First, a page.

Every now and then I come across a story that pulls at my heartstrings. That was the case the other day when I was talking on the telephone to a friend, Rosemarie, and her husband, Mark, who live northwest of Columbia, Mo.
I first met Rosemarie 20-years ago at the Missouri Photo Workshop. The workshop brings together photographers of all skill levels to a different small Missouri town each year where they work with editors from the National Geographic and major newspapers to hone their camera skills. That year the workshop was in Louisiana, Mo., south of Hannibal.
Rosemarie and Mark raise sheep, turkeys, and chickens and they also raise and sell livestock guardian dogs on their farm. The dogs are used to watch over and care for livestock such as sheep and goats.
A couple years ago, there was one particular female puppy that was outstanding. In raising these animals, Rosemarie said she puts a dab of different colors of paint on each puppy. The purpose is both to keep track of each pup’s personality, and to see whether they might become a trustworthy guardian dog or simply a companion.
This outstanding puppy was painted with a dab of turquoise paint, and appropriately named “Turquoise.” Rosemarie became quite fond of the puppy, and decided to keep her for breeding.
When the litter of pups were 12 weeks old, Rosemarie received a phone call from a family who lived two hours away who said they were on the way to purchase a puppy and were only 10-minutes from their farm.
“I like to interview the families first to see if they would be a good fit for one of my pups,” Rosemarie recalled. “That wouldn’t be the case in this situation.”
The family showed up and the mother, her two young boys and a girl about age 15 got out of the vehicle. The man stayed in the vehicle and told Rosemarie he didn’t care what they got, he “just wanted somethin’ to keep the ‘coons outta the yard.”
The children looked at all the pups and the girl pointed to Turquoise. “I want that puppy,” she said.
“She’s not for sale,” replied Rosemarie.
“I don’t care, I want that puppy,” the young girl said.
“I don’t know what caused me to have a moment of weakness, but I sold Turquoise to them,” said Rosemarie. “ She told them that if the puppy didn’t work out, to give her a call and she’d come get her.
Rosemarie, who adores all of her animals, said she didn’t have a good feeling about selling Turquoise to this family, but Mark insisted since their dog food bill was quite large with feeding 10 hungry pups plus their own guardian dogs.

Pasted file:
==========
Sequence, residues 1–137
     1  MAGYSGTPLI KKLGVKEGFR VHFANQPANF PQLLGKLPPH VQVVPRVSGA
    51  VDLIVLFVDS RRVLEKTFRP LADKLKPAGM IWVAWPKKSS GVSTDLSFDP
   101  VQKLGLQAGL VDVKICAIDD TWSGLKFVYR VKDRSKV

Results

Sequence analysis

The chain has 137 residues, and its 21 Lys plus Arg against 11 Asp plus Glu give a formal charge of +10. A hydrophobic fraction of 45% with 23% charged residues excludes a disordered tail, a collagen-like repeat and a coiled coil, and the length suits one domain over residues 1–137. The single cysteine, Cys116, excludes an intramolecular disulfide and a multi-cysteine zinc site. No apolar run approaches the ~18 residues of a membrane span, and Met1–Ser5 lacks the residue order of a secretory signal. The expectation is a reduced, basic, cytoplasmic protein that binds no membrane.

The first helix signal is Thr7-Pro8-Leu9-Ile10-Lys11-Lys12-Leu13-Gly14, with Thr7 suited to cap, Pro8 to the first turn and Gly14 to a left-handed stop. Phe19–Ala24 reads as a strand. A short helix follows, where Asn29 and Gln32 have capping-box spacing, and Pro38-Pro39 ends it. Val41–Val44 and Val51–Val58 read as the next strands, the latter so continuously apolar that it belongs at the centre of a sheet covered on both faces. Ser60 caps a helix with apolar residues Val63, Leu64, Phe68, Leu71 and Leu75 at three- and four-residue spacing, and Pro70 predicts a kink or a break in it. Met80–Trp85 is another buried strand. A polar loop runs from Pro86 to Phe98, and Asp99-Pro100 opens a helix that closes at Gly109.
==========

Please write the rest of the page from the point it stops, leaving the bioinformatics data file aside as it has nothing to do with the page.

“I really regretted the decision I’d made, and often with tears I prayed for Turquoise and wondered about her new probably very difficult life.
“I tried to contact the mom to check on Turquoise, but she gave no feedback except to say they had named the pup “Whiskey.”
Just nine months later, when Turquoise was almost a year old, out of the blue Rosemarie received a text message that read, “We don’t want this dog! My kids don’t like her and she’s causing trouble. If you don’t want her back I’ll do something else with her.” Rosemarie commented that she shuttered to think what “something else” might be.
She replied to the text message that she would meet the mom that afternoon to retrieve the dog, and she and Mark happily headed to Columbia to do so.
As they met the family and opened the cage door, Turquoise pulled away and peed all over herself. She looked rough, and had obviously been abused.
“I was sick and determined then and there that Turquoise would never again leave our farm,” said Rosemarie.
She’d received no additional veterinary checkups and at nearly a year old had not even had her rabies shot. Several weeks after Turquoise’s homecoming, when she’d had veterinary care and had begun to heal and trust again, a friend from the Kansas City area called. She and her husband had an organic dairy farm and also raised turkeys.
The friend was asking if Rosemarie might have an older puppy that she could give her parents in Illinois. Her mother had ovarian cancer and wasn’t expected to live much longer—leaving her father alone to grieve. She wanted a dog that could help her dad during this time and be a companion for him when her mom passed away.
Mark and Rosemarie knew they took good care of the current guardian dog they had. The friend said she would promise that Turquoise would be well cared for and deeply cherished if allowed to become her father’s companion.
“I wasn’t planning to sell her, but I felt that this was where Turquoise needed to go,” she said.
Rosemarie said that shy though Turquoise was, when the friend came for the dog, Turquoise jumped in her car and off they went— as it was meant to be.
“I knew I had done the right thing,” recalled Rosemarie. “God had worked it all out.”
The friend took Turquoise to Illinois to meet her new family. As her mother was still living at the time she was able to meet Turquoise and told the daughter that remarkably it is the turquoise-colored ribbon that represents ovarian cancer.
This was truly a match made in Heaven. In a recent checkup the dog, who is now named “Bella,” has become a wonderful companion for this man after the passing of his wife.
Rosemarie recently received a photo of the two sitting next to each other—each with their own dinner plate watching TV together.
A happy ending for Turquoise and all involved.
We all make choices and decisions in life and sometimes, like in the case of Turquoise, they don’t work out at first. But God is ever faithful and has the ability to turn what was meant for harm into something good in the end.
Have a great week and always remember that “Good Things are Happening,” every day and always.